Sunday morning is clear and I decide to remove Nell’s name tag from her collar and to place it on a picket at her grave. The morning is clear and sunny and as I walk to the grave it becomes cloudy. While there some cows come to visit, is it our of respect, but Zest doesn’t think so and tries to bite one on the nose. Clouds blow up, there is thunder and in a moment it is raining. I walk back to the house in the rain. The passing of a great dog and the elements acknowledge her achievement and we hope the passing from one kingdom to the next. May I list some of her achievements? Singing to a hall full of people at a concert where a patron describes her performance as being the best act of the show. Singing on the radio, and being recorded and her performance being repeated several times. Being photographed in colour on several occasions, for the local newspaper, three times in a nationwide magazine and even a colour photo on the internet yet being tragically and ironically a black and white dog. All this fame though was handled with modesty and humility. She was obedient, intelligent, courageous, and with a warm disposition and great understanding of words and yet all this with only half of her brain. The other half of her brain was occupied with only one thought and that was to bite cows. Nell was an Australian cattle dog. What dogs they are devoted, intelligent, obedient and loving. We deeply regret her passing at 14 years.

Several years later the 4th May comes up again.

Three Dogs

Three dogs used to live next door to each other in a little cluster of houses at the end of country road, Nell, Gyzmo, and Chopin. My dog Nell was very clever and dog famous. Singing in the local hall to an audience, singing on the radio, a colour photo in an Australia wide magazine and the local newspaper although ironically and tragically being a black and white dog, yet a very loyal and affection rough and tumble cattle dog. Gyzmo, the youngest of the three, is also very clever but a bit of a whimp when it comes to cattle but he thinks of Nell as just a bad tempered old bitch. Her attitude to him is to spare the bite and spoil the pup. Chopin, loyal and faithful to his mistress and her daughter but probably a bit socially inept.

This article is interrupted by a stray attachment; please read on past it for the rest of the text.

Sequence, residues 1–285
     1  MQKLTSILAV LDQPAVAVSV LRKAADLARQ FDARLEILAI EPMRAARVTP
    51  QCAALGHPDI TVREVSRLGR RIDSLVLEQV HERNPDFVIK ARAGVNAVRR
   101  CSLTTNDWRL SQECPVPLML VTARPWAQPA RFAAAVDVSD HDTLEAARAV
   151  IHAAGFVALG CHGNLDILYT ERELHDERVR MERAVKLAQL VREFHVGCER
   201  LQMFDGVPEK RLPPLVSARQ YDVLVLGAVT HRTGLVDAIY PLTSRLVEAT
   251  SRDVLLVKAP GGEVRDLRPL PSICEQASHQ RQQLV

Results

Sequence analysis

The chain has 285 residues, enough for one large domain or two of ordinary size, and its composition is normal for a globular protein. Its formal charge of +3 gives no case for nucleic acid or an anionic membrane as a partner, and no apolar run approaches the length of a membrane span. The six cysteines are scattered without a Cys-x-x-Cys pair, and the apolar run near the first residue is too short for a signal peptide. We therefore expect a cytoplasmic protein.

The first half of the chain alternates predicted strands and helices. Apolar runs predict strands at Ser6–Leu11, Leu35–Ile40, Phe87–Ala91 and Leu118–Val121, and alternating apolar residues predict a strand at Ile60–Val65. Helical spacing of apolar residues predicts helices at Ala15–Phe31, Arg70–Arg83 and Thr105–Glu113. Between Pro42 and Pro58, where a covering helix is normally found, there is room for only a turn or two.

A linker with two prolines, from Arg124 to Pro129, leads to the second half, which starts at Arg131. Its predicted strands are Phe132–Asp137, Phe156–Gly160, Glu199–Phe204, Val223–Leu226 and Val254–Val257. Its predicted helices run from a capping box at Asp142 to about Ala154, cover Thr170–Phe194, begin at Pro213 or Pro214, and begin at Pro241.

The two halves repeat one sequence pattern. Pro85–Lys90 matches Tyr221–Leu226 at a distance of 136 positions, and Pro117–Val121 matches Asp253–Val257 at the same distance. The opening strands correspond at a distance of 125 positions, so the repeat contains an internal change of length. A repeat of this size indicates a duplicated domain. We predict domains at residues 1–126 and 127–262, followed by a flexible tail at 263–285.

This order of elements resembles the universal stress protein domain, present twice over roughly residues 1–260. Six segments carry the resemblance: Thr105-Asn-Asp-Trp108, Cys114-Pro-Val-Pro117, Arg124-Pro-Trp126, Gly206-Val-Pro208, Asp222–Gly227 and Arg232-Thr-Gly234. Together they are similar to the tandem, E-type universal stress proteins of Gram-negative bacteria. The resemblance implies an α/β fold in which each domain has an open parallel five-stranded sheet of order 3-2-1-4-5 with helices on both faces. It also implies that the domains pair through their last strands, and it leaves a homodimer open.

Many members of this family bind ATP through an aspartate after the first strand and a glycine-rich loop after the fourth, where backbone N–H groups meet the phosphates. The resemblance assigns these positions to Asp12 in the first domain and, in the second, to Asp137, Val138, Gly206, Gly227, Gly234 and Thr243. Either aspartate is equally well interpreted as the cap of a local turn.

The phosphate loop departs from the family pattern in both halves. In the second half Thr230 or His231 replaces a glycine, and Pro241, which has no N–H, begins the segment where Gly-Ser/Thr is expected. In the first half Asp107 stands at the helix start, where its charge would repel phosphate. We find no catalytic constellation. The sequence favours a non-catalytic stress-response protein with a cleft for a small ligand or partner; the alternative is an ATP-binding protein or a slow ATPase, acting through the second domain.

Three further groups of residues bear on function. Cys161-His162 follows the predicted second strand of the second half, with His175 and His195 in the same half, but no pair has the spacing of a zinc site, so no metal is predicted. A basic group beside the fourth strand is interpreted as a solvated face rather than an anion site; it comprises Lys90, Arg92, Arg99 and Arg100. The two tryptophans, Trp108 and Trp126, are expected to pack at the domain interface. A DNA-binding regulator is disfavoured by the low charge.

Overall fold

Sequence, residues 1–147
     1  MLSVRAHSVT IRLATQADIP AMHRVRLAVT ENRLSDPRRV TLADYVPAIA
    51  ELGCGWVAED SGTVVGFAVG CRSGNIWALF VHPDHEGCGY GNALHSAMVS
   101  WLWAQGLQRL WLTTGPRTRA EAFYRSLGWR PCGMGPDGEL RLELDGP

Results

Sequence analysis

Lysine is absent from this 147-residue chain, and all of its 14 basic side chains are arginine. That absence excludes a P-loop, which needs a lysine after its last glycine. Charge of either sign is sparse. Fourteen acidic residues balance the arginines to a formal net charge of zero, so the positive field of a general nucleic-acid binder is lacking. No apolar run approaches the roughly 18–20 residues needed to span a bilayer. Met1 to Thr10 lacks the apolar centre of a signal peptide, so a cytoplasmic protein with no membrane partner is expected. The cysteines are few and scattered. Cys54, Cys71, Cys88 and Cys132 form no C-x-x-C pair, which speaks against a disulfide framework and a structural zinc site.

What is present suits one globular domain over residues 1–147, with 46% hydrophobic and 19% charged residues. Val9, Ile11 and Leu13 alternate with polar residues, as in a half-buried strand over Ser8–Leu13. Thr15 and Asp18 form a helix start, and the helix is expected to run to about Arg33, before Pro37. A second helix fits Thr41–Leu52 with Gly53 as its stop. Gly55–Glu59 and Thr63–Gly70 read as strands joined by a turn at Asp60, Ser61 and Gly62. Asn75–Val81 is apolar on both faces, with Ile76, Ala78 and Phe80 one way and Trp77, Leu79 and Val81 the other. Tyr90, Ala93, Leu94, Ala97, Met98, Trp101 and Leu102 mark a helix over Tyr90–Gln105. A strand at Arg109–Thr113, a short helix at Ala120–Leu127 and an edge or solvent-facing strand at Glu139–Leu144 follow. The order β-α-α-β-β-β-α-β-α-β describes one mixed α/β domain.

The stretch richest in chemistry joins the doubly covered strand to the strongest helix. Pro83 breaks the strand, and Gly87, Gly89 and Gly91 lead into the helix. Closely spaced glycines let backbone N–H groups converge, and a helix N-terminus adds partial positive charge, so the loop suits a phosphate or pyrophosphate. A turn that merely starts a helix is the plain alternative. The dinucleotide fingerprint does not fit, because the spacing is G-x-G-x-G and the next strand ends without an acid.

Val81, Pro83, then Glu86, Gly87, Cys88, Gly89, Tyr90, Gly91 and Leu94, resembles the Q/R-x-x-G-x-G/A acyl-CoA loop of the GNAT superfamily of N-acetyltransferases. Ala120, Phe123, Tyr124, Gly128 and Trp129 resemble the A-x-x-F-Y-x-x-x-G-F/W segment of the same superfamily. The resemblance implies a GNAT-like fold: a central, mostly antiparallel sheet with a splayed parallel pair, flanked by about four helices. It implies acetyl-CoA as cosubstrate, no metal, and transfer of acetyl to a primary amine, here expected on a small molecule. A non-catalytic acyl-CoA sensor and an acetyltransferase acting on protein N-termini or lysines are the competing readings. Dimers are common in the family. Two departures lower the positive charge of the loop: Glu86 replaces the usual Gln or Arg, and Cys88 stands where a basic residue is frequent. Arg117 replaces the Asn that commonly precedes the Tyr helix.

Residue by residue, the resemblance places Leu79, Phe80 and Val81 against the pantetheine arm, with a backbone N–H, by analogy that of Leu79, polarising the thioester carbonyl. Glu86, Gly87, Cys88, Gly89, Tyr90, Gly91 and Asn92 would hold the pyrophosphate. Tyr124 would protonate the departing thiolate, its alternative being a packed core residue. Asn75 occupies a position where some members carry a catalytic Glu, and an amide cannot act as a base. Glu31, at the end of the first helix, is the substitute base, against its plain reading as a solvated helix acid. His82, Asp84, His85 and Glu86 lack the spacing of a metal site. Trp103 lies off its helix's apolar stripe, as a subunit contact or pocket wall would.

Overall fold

Gyzmo when still a pup on one of his visits here.

Nell dies on the 4th May, 2001. She has had a long and happy life and although her death is tragic, it is quite natural and unavoidable. I then send an email to my daughter telling her of the death of her dog, I call it, “The Death of Nell, part Human Dog”, where I also reminisce on her achievements and the unusual circumstances surrounding her death.

I write a few short stories and about 4 years later, I decided to pull out this email and edit it. I am actually rewriting by hand a few sentences and have just written the word, “mysteriously” when I hear a 4wheeler arrived at the house. I put my pencil down at this exact word and go outside and meet my neighbour and she tells me that their dog Gyzmo, has just died from snake bite and would I please come over and dig his grave and officiate at his funeral. I do this immediately.

This year on the 4th May, the fifth anniversary of Nell’s death, I receive a telephone call from my other neighbour, although she has now moved a little further away, to say that Chopin is just about dead and would I please dig his grave to bury him here. He dies and is later buried this day.

Weird Eh? The mysterious bond between humans and dogs.

Looking at Nell

A lady was visiting me and after being here for a while looks at Nell one day and just says out of the blue: “For some reason, whenever I look at Nell, I always think of Meg”. Strange to say but the name given to her by her puppy owners gave her the name of Meg. Robyn and Emily decided to change it to Nell when they chose her from the litter. It was only many years later that they told this to me.

Chapter 2: Weird Things

Chapter 4: Snakes and their Portent